Stick with Symptom Relief
While taking hormone replacement therapy (HRT) for symptom relief around the time of menopause may still be supported, taking HRT after menopause for disease prevention isn't recommended by the U.S. Preventive Services Task Force, which reaffirmed their 2005 guideline for use of HRT (estrogen alone and combination with progestin). While HRT may reduce the risk of broken bones for women past menopause, the increased risks outweigh benefits for chronic disease prevention. Those using HRT after menopause may have increased risk of strokes, heart attacks, breast cancer, dementia, urinary incontinence, gallbladder disease, and blood clots in the lungs and legs. Yet, the study may not apply to women who take HRT for a short time for hot flashes, or to women under 50 who have surgical menopause.
Lower Breast Cancer Risk
Women who've had hysterectomies and take estrogen pills for menopause treatment may have a lower risk of breast cancer. A new analysis of data from the Women's Health Initiative showed a statistically significant lower breast cancer risk among the women taking estrogen who did not have a family history of breast cancer, reports New York Times. However, the finding only applies to women who've had hysterectomies. A woman with her uterus should take combination estrogen and progestin to prevent uterine cancer, which is a risk when taking estrogen only pills. The new study findings were released last week at the San Antonio Breast Cancer Symposium.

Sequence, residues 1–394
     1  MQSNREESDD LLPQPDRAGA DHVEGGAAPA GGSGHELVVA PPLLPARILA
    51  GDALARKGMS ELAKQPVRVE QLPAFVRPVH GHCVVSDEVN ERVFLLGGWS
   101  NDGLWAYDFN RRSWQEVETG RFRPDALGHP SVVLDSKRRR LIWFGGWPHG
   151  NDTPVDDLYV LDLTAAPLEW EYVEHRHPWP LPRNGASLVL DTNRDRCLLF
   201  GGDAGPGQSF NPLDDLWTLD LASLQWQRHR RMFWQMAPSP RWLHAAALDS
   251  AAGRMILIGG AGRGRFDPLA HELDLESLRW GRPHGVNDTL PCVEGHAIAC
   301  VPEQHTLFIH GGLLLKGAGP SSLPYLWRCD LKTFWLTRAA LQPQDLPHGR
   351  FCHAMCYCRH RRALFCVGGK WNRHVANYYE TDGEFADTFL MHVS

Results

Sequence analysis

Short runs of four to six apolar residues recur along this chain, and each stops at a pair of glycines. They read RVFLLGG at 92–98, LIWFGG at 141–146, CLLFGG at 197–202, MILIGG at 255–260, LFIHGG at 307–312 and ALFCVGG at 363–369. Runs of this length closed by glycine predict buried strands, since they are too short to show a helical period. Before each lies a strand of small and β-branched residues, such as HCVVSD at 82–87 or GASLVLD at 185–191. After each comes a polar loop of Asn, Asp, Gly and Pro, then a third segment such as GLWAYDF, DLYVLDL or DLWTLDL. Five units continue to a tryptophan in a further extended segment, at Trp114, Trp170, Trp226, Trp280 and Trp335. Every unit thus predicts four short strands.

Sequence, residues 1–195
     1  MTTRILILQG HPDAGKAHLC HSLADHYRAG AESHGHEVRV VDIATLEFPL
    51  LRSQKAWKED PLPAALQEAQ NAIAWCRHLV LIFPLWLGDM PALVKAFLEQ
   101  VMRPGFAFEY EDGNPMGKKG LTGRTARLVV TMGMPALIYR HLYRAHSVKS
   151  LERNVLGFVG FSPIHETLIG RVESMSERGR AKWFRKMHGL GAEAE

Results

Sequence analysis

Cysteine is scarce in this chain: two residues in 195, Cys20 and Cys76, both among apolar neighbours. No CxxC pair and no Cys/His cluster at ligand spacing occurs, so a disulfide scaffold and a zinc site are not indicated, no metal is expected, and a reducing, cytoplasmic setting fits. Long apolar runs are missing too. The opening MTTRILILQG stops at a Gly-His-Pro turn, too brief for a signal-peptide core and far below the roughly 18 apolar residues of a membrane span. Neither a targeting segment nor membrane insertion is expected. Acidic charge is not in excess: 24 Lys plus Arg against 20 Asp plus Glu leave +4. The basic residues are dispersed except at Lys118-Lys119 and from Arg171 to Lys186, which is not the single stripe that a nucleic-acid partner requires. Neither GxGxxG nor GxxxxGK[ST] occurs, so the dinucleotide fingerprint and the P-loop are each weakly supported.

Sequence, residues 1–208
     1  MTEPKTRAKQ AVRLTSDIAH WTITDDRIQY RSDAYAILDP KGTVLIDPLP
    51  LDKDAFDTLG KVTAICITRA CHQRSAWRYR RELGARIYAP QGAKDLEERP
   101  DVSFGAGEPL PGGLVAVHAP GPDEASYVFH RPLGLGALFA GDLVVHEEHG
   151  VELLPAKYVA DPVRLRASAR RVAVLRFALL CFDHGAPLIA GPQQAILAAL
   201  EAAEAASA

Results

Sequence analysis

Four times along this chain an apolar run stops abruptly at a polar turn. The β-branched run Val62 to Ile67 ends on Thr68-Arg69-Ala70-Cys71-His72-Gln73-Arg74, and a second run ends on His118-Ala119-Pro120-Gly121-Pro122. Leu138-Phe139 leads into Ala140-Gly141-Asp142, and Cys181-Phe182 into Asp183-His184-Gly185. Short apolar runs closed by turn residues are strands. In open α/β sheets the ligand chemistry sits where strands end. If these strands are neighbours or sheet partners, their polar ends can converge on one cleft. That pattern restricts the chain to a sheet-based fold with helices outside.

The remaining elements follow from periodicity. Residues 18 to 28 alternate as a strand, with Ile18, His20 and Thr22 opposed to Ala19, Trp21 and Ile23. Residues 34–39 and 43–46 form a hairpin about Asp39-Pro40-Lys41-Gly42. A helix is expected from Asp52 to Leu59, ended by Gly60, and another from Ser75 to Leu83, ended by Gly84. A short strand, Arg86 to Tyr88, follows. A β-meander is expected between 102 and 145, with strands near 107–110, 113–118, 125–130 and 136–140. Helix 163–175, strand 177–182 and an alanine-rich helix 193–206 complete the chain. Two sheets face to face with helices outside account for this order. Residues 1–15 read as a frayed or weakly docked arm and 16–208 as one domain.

Many Would Respond to Lower Dose
"Pills containing 50 mcg or greater estrogen are considered high dose. Low is around 20 to 35 mcg."
- Peggy in the comments
While the use of lower-dose hormone therapy increased between 2001 and 2009, researchers believe that physicians still aren't fully incorporating the latest evidence supporting the use of lower-dose hormone therapy for menopausal symptoms. The new research, conducted using data collected from outpatient doctor visits between 2001 and 2009, reveals that less than one-third of women on hormone therapy in 2009 were taking a low dose. Yet, two-thirds of those with menopausal symptoms are likely to benefit on low-dose therapy, says senior study author Randall Stafford, MD, PhD, of Stanford Prevention Research Center. Lower-dose hormone therapy carries less risk of breast cancer and cardiovascular disease. Findings are reported in Menopause: The Journal of the North American Menopause Society.